UN Special Rapporteur mandate renewed with calls to continue investigating abuses in the Islamic Republic of Iran

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Source: www.bic.org

The United Nations Human Rights Council voted to renew the mandate of the UN Special Rapporteur on the human rights situation in Iran.

GENEVA—4 April 2024—The United Nations Human Rights Council voted today to renew the mandate of the UN Special Rapporteur on the human rights situation in Iran.

The resolution passed by 24 votes, with 15 abstentions and 8 votes against, and also called for the extension of the human rights fact-finding mission established in November 2022.

Speaking ahead of the vote, the United States said that “members of religious and ethnic minority groups, including … Baha’is, have been denied their right to exercise their freedom of religion or belief, and in recent weeks, have been subjected to the desecration of holy sites including burial grounds.”

Brazil said it “remains troubled” by reports of violations of minorities. “We reiterate our support to the rights of Baha’is, and persons belonging to other religious minorities, to exercise their faith freely and peacefully in Iran without any discrimination,” they said.

The vote comes days after a major new report was published by Human Rights Watch, titled “The Boot on My Neck: Iranian Authorities’ Crime of Persecution Against Baha’is in Iran,” which said the Iranian government is committing the “crime against humanity of persecution” against the Baha’is.

Professor Javaid Rehman, the outgoing UN Special Rapporteur, had previously delivered a strongly-worded report to the Human Rights Council, on 18 March, in which he described the “extreme” and “persistent” persecution faced by members of the Baha’i religious minority in the Islamic Republic.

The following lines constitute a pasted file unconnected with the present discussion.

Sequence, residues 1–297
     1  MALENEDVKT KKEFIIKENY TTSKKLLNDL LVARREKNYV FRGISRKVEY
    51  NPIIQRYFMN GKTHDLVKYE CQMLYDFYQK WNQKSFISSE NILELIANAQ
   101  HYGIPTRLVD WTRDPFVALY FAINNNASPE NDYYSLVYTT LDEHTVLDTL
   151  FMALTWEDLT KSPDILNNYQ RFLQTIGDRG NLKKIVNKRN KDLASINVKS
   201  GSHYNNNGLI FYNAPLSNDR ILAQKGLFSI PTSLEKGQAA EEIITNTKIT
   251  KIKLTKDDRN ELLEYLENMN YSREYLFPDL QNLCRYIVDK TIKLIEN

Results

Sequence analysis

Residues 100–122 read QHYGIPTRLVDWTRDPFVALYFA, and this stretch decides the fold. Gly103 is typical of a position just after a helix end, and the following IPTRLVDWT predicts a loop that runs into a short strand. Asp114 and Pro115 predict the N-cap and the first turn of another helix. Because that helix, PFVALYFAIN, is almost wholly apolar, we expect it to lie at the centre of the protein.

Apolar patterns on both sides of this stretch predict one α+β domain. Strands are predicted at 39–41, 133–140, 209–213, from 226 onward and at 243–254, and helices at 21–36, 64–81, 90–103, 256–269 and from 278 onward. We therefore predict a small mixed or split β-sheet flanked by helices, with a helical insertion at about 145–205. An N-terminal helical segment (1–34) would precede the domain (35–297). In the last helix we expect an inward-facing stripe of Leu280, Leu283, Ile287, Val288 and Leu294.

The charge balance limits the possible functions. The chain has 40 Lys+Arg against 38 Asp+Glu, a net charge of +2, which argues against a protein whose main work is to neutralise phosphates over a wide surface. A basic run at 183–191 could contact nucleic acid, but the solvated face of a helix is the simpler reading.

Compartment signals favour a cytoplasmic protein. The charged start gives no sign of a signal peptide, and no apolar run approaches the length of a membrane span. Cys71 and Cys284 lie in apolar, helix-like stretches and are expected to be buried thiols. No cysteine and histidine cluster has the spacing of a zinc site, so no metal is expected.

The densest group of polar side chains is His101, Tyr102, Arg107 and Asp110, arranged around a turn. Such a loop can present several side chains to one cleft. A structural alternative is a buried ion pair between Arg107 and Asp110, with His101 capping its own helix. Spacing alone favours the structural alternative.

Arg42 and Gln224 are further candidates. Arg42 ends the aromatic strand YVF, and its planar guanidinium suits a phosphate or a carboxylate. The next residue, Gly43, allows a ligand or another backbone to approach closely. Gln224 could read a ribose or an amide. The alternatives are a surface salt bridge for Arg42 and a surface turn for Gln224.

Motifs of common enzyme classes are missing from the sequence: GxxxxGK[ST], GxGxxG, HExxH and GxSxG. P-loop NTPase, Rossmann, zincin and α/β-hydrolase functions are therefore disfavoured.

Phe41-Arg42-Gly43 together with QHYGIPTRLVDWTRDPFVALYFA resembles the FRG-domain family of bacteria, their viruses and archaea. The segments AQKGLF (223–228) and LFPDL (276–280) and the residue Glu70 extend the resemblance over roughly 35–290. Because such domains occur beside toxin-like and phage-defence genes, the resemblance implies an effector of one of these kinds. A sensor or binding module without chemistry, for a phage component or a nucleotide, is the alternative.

“I am extremely distressed and shocked at the continuing, persistent persecution, arbitrary arrests, and harassment of members of the Baha’i community,” he said. “I’ve warned the authorities to immediately stop these crimes … for which they will be held accountable.”

Professor Rehman’s full six-year term concludes this summer. The latest resolution means that a successor will now be appointed to continue this work from July 2024.

“We welcome the continued attention and support of the UN Human Rights Council for the human rights situation in Iran,” said Simin Fahandej, Representative of the Baha’i International Community to the United Nations in Geneva. “But it is deplorable that the Iranian government has obliged the international community to renew the mandate of the Special Rapporteur, yet again, rather than recognizing the rights of Baha’is and all others equally and enabling them to live full lives alongside their compatriots.”

Several UN member states—Belgium, Canada, Luxembourg, Moldova, the United Kingdom and Australia— had also previously called on the Iranian government to collaborate with UN human rights mechanisms and mentioned the persecution of Baha’is in the country.

“The least the Iranian government can now do is to allow the re-appointed UN human rights mechanisms to investigate the situation in Iran with access to the country, access to Baha’is and members of other minorities, meetings with human rights defenders, and to accept the recommendations on undoing years of brutal persecution against all of Iranian society,” Ms. Fahandej said.


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